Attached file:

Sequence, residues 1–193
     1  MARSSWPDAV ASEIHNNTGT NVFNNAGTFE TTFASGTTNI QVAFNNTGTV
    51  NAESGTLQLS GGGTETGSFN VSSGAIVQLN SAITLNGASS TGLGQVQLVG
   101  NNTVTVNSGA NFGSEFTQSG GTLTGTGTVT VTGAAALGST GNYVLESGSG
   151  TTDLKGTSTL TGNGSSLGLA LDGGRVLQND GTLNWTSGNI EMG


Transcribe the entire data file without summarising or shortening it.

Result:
Sequence, residues 1–193
     1  MARSSWPDAV ASEIHNNTGT NVFNNAGTFE TTFASGTTNI QVAFNNTGTV
    51  NAESGTLQLS GGGTETGSFN VSSGAIVQLN SAITLNGASS TGLGQVQLVG
   101  NNTVTVNSGA NFGSEFTQSG GTLTGTGTVT VTGAAALGST GNYVLESGSG
   151  TTDLKGTSTL TGNGSSLGLA LDGGRVLQND GTLNWTSGNI EMG